Efficiency in your rotation is how you win leagues. Cheap, replaceable, effective starting pitchers mean more picks and/or budget for bats and closers. In order to be successful most of your rotation needs to be composed of pitchers that can be acquired at something of a value. Here are some to target on draft day – if the price is right.
1. Hector Noesi, SEA – This is the real winner in the Pineda/Montero trade and don’t let anyone tell you differently. Here’s what I like; out of the AL East, Safeco is a pitcher best friend, Seattle has a good D, .331 BABIP says he was unlucky last season, 2 to 1 K/BB rate in 2011, 41% GB%, has big boy 93.3 mph fastball, demonstrated gaudy 5.5 K/BB rate at three levels in 2010 over 160 innings, ect. A must start at home in any format with significant upside.
2. Doug Fister, DET – Fister was a nice spot starter in Seattle and the trade to Detroit seemed like a death sentence to his fantasy relevance. Fister proved me wrong and actually had a better second half including 5 wins against 5 starts in September (note that one win came in relief) and a sub 1.00 ERA. He has a serviceable 6 Ks per 9 rate but maintains a BB/K rate of 4 to 1. Blend that with a GB% of 47% over the past two seasons and you have a quality major league pitcher. Expect some correction if the BABIP approaches .300 again but don’t write off last season as a fluke.
3. Kris Medlen, ATL -Came back from 2010 TJ to chuck a whopping 2.3 innings last season. Medlen is a forgotten man. Here are the Cliff Notes on why you should remember; 4 to 1 K/BB rate backed up with respectable 43% GB%. I’m assuming he’ll be back to blue chip status 20 months removed from TJ.
4. Javier Vazquez, MIA – He’s 35 but has a skill set that should age well. Vazquez mixes four pitches which generates a 3 to 1 K/BB rate. He’s steaky in season and year-to-year it’s hard to tell what you’re getting. He’s still good for two months of Cy Young production, but it’s tough to time. Be sure to sit him during the rough patches (and there will be plenty), but don’t give up. In his last six starts of 2011 he got 5 wins and only gave up 3 earned runs. He also closed out the season with 12 straight quality starts.
5. Mark Buehrle, MIA – Buehrle’s resume is highlighted by 11 straight seasons of 200+ innings and double digit wins. Although he turns 33 this year he’ll greatly benefit from his move to the National League. His ERA and WHIP are usually nothing spectacular but if we shave off a bit for each thanks to the NL he become more valuable. He’s an innings eater that won’t cause damage. One to bank on in deep leagues and a useful spot starter in shallow formats.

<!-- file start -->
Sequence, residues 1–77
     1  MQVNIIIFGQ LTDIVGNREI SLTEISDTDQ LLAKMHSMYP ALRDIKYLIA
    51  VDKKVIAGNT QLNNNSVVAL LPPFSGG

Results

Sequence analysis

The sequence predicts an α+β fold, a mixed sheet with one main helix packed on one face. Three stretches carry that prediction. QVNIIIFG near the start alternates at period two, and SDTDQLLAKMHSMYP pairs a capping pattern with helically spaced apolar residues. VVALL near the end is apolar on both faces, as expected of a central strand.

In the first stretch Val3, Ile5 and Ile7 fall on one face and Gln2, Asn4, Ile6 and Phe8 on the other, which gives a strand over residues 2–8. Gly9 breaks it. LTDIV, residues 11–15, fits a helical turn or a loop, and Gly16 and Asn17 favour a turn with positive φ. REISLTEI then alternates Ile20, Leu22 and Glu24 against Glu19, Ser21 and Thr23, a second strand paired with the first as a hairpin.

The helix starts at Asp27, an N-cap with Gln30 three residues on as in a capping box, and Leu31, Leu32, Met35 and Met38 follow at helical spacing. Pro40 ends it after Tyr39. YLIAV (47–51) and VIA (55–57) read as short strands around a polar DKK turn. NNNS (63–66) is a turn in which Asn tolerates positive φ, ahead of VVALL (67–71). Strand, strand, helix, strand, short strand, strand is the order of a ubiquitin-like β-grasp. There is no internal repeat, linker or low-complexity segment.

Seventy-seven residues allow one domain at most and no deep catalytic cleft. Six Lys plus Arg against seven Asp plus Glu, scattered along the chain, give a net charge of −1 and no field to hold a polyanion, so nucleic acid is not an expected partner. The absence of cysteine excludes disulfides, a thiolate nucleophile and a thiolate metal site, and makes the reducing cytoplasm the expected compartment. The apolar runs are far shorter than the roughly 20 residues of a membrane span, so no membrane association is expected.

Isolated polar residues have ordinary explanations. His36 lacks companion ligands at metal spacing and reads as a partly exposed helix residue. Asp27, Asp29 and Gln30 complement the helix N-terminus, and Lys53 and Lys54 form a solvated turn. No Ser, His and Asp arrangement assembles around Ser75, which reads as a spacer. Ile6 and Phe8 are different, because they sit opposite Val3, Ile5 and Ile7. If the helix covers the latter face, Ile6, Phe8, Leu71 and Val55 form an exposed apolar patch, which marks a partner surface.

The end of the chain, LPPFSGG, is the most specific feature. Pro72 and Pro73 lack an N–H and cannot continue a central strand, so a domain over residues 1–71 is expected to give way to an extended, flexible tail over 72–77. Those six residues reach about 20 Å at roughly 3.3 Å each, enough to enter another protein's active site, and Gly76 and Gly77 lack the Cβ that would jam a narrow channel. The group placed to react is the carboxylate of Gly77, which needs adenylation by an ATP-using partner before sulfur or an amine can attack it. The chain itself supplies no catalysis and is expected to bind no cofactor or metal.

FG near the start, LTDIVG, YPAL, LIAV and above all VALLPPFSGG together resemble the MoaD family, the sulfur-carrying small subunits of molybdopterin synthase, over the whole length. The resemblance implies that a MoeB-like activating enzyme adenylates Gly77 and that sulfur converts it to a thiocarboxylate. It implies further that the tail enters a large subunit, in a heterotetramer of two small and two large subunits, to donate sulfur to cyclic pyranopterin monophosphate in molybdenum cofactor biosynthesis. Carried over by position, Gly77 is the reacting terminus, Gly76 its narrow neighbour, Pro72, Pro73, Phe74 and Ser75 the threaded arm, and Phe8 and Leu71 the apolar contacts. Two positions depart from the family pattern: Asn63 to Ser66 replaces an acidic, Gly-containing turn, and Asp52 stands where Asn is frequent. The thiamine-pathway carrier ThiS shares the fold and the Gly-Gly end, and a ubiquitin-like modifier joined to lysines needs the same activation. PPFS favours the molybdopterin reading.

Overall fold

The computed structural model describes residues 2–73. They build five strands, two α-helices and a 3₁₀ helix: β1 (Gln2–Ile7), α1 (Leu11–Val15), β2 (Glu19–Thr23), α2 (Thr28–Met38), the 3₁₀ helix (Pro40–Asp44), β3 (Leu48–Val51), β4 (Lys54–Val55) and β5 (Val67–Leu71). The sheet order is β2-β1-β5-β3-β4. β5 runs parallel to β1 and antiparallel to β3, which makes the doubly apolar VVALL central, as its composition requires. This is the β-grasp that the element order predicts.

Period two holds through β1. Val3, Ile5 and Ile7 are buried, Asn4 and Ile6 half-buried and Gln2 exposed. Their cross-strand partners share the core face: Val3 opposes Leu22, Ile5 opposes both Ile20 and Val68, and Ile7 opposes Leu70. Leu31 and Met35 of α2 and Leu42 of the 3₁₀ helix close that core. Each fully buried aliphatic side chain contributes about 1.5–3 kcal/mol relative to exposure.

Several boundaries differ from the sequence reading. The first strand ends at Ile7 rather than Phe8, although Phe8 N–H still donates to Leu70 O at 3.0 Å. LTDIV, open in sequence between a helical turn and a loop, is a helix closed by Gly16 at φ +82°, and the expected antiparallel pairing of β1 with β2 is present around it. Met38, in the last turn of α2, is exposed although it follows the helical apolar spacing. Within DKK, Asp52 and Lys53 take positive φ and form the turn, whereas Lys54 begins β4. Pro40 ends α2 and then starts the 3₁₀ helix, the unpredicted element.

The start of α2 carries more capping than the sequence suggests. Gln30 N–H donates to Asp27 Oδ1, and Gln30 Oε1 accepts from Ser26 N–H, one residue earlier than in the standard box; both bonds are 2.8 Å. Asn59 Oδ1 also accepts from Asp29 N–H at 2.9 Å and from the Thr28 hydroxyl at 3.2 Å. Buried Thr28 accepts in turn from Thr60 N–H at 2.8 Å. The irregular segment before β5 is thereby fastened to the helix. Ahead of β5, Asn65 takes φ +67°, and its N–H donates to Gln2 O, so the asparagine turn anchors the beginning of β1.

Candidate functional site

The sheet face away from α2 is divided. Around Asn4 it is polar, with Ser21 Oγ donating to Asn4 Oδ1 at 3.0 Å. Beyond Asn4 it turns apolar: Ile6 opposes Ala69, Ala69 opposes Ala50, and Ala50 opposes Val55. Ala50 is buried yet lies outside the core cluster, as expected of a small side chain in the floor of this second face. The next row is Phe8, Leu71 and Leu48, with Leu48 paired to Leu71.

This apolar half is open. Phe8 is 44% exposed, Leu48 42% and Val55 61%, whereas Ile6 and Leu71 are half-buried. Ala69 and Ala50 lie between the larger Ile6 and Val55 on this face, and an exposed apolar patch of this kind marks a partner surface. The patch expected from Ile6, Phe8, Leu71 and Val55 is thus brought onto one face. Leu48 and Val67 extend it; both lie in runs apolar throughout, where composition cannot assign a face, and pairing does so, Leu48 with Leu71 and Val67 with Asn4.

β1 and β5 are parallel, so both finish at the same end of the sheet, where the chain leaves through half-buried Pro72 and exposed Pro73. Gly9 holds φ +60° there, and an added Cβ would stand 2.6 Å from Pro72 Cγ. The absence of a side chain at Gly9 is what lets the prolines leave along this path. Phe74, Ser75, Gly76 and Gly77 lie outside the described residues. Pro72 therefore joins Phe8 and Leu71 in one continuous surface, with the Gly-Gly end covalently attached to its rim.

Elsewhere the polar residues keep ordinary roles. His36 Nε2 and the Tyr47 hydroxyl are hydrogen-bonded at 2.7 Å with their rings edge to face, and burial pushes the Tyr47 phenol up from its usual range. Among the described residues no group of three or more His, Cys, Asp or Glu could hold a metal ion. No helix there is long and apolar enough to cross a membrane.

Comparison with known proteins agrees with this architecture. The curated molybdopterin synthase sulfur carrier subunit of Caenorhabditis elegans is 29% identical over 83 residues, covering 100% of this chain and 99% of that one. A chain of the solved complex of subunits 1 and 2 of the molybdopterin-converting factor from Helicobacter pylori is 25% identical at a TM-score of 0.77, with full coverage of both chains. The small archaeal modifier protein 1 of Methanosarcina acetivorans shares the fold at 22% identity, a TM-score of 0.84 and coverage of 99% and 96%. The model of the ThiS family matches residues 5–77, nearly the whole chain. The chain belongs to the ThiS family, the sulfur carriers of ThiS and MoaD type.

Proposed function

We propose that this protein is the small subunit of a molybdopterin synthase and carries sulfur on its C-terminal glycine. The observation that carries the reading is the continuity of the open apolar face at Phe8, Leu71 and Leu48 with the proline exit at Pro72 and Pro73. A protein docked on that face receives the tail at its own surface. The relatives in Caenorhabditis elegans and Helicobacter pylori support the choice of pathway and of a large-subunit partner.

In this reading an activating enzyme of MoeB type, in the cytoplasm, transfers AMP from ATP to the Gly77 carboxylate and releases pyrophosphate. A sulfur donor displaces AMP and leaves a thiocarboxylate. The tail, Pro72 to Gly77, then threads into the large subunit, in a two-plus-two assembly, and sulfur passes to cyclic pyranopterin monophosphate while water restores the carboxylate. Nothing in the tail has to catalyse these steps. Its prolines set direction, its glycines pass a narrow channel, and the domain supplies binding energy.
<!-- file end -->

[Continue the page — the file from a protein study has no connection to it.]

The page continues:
6. Brandon Beachy, ATL – Beachy quietly had a stellar rookie campaign and looks like an ace in the making. He featured greater than 9 K per 9 and a 3 to 1 K/BB ratio. FIP and xFIP say he may have even been a smidge unlucky last season. He’s an extreme fly ball pitcher but keeps hitters off balance by mixing four pitches. He’s 25 and polished so don’t be surprised if he makes a run at the top 10 in 2012.
7. Matt Garza, CHC – Garza is a head case but the NL is certainly more agreeable than the AL East. His downsides include a WHIP that will be no better than mid-1.2s and occasional meltdowns. The positives are roughly 200 Ks, a solid ERA and with some run support Â 15 wins. He threw only 53% fastballs last season, which is a major dip from previous years and may indicate some maturity. He reminds me of a better version of Carlos Zambrano and my suspicion is that he has a career year lurking on the horizon. Buy now.
8. John Danks, CHW – Heading into last season I loved Danks more than any other mid-tier pitcher in the game. He racked up 8 losses by June and actually had a worse ERA in the second half thanks to 7.76 over 5 starts in September. The K rate was up a bit, the walks, grounders and pitch selection in line with norms, and HR rate league average. He normally posts a BABIP below .300 and last year was at .313. Groundball pitchers are easily victimized when BABIP strays too far from the mean. Classic buy low, cover up last season and bid on the guy we saw in 2010 and 2009.
9. Trevor Chahill, AZ – Does anyone recall Billy Beane unloading a pitcher that actually did better once leaving Oakland? I can’t and lot of times they get hurt. After an off-year like Cahill had in 2011 I normally scour the stats in search of reasons to justify buy low. In this case I’m not even going to look at the stats, trust Beane and avoid.
10. Jaime Garcia, STL – After a long comeback from injury, Garcia put forth an exceptional rookie effort in 2010 and a respectable encore in 2011. He’s a pitcher’s pitcher, using four pitches to keep hitters off balance and generate a lot of groundballs. The K rate, FIPs and xFIPs are all virtually identical, however a drop in BB per 9 of 1.2 over the past two seasons hints at some more upside. He will miss starts with some ouchies but this is a stable skill set worth investing in.